Jon Stewart and Stephen Colbert’s dueling rallies in Washington, D.C. are a little more than two weeks away, with the Comedy Central duo expecting a big crowd — thanks, in part, to Arianna Huffington's generosity.
No thanks, however, to NPR, which fired off an all-staff memo on Wednesday morning reminding employees of the company’s ban on attending rallies that the non-profit news organization covers. (When did attending a rally become an endorsement? Also, how does it threaten objectivity? And finally, who cares if it does?)
At least they’ll be able to watch it live on TV.
Memos via Romenesko (bolded for emphasis by TheWrap):
From: [NPR chief executive] Vivian Schiller
Sent: Wednesday, October 13, 2010 8:58 AM
Subject: FW: NPR Journalists and political activity
To ALL NPR staff,
Please see Ellen Weiss' note to her staff below (and in particular, the reference to the upcoming Jon Stewart rally). In addition to News, the other divisions that are required to abide by the NPR News Ethics policy are digital, programming/AIR, legal and communications.
However, no matter where you work at NPR you should be very mindful that you represent the organization and its news coverage in the eyes of your friends, neighbors and others. So please think twice about the message you may be sending about our objectivity before you attend a rally or post a bumper sticker or yard sign. We are all NPR.
If you have any questions or concerns, please speak to your supervisor.
From: [Senior vice president for news] Ellen Weiss
Sent: Wednesday, October 13, 2010 8:46 AM
To: News-All Staff
Subject: NPR Journalists and political activity
As we head into the final weeks of this political season, I thought it would be valuable to send out a reminder of what NPR News Ethics Policies and Social Media Guidelines are regarding political activity. These are the relevant excerpts from the full documents that can be found online.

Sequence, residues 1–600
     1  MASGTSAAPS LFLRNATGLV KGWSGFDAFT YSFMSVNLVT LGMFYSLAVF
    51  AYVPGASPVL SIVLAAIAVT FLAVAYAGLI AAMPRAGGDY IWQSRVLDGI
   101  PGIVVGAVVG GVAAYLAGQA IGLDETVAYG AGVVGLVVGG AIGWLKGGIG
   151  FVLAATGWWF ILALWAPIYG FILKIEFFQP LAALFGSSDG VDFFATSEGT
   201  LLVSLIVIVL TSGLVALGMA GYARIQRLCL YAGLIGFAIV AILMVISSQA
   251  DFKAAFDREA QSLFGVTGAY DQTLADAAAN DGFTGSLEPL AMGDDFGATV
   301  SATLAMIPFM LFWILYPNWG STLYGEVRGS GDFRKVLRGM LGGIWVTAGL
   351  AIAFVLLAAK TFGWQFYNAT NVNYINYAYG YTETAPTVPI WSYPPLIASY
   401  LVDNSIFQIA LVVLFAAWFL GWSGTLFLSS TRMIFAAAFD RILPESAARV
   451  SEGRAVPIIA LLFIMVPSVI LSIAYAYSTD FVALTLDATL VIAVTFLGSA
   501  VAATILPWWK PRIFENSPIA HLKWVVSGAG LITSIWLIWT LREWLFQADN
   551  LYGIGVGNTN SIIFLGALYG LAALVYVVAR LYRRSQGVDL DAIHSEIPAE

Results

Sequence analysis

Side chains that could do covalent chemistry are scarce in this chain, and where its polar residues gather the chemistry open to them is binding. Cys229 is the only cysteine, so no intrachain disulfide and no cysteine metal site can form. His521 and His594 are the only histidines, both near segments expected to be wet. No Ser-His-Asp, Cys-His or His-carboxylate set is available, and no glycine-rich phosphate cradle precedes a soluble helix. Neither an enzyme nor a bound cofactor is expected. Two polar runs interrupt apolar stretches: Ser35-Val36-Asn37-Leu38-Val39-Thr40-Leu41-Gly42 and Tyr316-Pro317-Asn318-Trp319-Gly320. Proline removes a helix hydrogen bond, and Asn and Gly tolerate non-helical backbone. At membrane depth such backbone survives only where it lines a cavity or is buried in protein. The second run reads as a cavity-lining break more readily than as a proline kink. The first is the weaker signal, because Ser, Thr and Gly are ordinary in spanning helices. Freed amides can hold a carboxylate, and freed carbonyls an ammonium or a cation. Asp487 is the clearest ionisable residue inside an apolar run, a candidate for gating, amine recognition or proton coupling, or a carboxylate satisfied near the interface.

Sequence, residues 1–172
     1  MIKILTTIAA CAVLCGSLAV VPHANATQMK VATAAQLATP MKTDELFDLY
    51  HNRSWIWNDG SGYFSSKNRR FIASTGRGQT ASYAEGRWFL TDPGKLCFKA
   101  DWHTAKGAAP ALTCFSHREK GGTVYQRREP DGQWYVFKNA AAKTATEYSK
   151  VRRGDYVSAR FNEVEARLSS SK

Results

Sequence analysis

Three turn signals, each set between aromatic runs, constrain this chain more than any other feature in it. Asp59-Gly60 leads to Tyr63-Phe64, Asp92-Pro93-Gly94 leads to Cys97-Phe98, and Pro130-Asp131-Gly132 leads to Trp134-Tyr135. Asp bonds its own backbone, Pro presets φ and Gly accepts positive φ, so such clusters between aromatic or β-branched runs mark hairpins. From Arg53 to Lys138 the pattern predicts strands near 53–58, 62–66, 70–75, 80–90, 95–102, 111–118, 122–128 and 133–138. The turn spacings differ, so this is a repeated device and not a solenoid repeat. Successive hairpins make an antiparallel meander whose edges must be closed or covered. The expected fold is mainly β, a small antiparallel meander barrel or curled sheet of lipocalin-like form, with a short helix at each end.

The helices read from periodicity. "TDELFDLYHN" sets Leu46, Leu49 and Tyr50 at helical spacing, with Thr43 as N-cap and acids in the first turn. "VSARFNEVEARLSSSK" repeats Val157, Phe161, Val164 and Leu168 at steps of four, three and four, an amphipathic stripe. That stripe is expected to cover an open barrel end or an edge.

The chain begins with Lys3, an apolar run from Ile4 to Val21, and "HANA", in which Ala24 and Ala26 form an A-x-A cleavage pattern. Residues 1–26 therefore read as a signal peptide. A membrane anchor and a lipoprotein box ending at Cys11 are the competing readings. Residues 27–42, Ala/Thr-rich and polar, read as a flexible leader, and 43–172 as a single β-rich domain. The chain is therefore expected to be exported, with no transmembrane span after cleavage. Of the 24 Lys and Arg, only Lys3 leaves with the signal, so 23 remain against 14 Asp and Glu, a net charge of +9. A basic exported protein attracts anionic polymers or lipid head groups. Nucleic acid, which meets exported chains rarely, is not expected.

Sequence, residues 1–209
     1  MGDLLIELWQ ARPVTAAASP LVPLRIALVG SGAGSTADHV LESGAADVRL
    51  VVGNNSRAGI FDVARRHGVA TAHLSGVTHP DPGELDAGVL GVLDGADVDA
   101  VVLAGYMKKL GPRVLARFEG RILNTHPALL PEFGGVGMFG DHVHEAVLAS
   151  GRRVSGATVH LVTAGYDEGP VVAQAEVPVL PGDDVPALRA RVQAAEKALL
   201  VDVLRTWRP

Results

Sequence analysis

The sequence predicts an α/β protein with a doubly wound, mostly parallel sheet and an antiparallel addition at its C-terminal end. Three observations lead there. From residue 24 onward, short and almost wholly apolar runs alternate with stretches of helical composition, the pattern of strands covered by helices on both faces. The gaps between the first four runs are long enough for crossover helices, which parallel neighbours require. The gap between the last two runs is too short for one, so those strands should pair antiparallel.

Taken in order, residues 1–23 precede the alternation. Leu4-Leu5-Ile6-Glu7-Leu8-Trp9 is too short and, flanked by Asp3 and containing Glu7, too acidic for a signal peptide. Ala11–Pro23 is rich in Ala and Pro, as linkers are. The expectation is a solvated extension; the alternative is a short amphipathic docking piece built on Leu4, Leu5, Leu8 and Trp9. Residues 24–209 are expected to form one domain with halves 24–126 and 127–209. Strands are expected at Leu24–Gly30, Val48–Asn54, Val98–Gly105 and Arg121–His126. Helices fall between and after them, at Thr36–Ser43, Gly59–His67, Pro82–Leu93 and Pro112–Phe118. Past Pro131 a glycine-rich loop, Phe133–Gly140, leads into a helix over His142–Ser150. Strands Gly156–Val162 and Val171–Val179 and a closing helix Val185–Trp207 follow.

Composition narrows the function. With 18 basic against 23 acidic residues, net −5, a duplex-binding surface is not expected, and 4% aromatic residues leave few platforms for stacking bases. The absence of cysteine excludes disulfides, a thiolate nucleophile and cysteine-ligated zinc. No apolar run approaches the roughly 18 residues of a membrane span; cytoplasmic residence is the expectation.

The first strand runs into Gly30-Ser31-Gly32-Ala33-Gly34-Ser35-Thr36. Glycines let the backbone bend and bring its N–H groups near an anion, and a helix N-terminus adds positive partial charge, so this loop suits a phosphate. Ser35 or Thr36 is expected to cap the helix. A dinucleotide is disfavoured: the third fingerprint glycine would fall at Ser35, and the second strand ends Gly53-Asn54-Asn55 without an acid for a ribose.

Please review carefully and if you have any questions please talk to your direct supervisor.
* NPR journalists may not run for office, endorse candidates or otherwise engage in politics. Since contributions to candidates are part of the public record, NPR journalists may not contribute to political campaigns, as doing so would call into question a journalist’s impartiality.
* NPR journalists may not participate in marches and rallies involving causes or issues that NPR covers, nor should they sign petitions or otherwise lend their name to such causes, or contribute money to them. This restriction applies to the upcoming John Stewart and Stephen Colbert rallies.
* You must not advocate for political or other polarizing issues online. This extends to joining online groups or using social media in any form (including your Facebook page or a personal blog) to express personal views on a political or other controversial issue that you could not write for the air or post on NPR.org.
* NPR journalists may not serve on government boards or commissions.